The Marlins interviewed only three other candidates after speaking to Redmond: Reds pitching coach Bryan Price, Tigers hitting coach Lloyd McClendon and former Phillies and Padres manager Larry Bowa. Beinfest thanked all those candidates for “excellent interviews” before adding: “But there was only one manager for the job, and we’re quite happy today.”
Redmond, who was accompanied to Marlins Park on Friday by his wife Michele and sons Michael and Ryan, does have experience winning.
Aside from the World Series ring he won as a backup to Pudge Rodriguez in 2003, Redmond managed Single A Dunedin to a 78-55 record and first-place finish in the North Division of the Florida State League in 2012. He was also named Midwest League Manager of the year in 2011 after leading Single A Lansing (Mich.) to a 77-60 record and an appearance in the league finals.
Redmond, who was preparing to go deer hunting with a friend near his home in Spokane, Wash., when he got the phone call from Loria with the news he had been hired, credited Twins manager Ron Gardenhire and former Marlins managers Jack McKeon, John Boles and Jim Leyland as big influences. Redmond said he has taken something from each and will wear No. 11 — not because it was the number Leyland wore when he won the World Series in 1997 — because of the connection it has to his wife’s grandfather.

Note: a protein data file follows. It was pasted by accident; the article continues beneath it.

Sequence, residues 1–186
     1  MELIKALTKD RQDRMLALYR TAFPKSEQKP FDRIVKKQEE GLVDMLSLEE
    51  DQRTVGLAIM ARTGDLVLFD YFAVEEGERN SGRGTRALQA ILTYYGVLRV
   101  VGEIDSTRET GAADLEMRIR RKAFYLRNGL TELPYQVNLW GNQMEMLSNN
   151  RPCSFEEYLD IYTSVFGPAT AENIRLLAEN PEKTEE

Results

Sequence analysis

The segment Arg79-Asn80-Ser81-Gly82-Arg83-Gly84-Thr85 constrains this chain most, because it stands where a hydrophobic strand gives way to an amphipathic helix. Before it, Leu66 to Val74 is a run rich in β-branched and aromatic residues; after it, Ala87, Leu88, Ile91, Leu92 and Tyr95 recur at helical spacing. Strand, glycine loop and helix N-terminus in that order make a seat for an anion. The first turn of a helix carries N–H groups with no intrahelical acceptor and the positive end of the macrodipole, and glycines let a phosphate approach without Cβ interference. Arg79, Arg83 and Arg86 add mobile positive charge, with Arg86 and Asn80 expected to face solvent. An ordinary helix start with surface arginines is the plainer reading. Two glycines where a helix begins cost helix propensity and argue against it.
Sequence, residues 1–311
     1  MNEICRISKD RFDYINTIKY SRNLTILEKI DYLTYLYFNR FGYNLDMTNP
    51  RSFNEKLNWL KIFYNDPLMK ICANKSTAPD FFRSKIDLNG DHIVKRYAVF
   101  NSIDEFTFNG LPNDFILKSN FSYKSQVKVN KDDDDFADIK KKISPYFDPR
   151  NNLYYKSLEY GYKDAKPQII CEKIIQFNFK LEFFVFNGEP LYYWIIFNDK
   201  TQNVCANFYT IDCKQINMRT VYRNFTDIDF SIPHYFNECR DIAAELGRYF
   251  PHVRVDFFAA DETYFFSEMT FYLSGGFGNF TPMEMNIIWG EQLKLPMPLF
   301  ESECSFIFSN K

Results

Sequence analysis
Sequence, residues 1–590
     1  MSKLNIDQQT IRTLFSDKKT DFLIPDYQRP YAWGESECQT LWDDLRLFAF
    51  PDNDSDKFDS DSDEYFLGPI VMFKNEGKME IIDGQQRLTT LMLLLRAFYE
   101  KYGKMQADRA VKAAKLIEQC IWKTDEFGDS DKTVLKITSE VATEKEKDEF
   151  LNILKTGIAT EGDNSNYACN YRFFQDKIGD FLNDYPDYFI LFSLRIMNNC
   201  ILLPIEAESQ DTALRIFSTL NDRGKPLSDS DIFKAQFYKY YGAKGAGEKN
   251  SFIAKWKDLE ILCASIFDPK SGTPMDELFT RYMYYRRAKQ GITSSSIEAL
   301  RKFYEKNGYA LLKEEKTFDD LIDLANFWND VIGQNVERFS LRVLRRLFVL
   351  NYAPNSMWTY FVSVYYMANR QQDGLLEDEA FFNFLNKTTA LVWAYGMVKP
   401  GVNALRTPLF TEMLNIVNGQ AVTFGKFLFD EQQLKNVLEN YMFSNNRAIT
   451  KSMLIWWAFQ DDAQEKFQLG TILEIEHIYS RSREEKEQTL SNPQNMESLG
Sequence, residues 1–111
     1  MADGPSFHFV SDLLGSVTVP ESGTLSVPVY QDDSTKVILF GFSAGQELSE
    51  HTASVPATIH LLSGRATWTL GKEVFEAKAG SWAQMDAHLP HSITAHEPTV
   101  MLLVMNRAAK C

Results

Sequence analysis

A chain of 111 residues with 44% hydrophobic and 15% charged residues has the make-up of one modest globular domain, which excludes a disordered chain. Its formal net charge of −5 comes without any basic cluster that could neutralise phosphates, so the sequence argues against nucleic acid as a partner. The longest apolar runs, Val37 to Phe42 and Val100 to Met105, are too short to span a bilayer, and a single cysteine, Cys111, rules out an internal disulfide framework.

Redmond has part of his staff filled out. Former bullpen coach Reid Cornelius has been retained, former infield coach Perry Hill is returning after a one-year hiatus and will coach first base, and third-base coach Joe Espada will return and work with the outfielders. Hitting coach, bench coach and pitching coach are spots that still need to be filled.
“When I lift this thing up and think about this, I smile,” Redmond said of his World Series ring. “There’s so many guys who were a part of this team that care about this organization and want to see this organization get back in the right direction, the championship direction.
“When I put this ring on, I laugh. I think about everything. Dontrelle Willis, Miguel Cabrera. Mike Lowell hitting a home run in the playoffs. So many characters on that team. ... I know on the bench we were weren’t the most talented group of guys, but we only cared about one thing — and that’s winning. That’s what I’m all about. Winning. Whatever it takes to win — whether it’s drawing a walk, getting hit by a pitch, playing unselfish baseball. If it’s bunting. Whatever it takes to win.”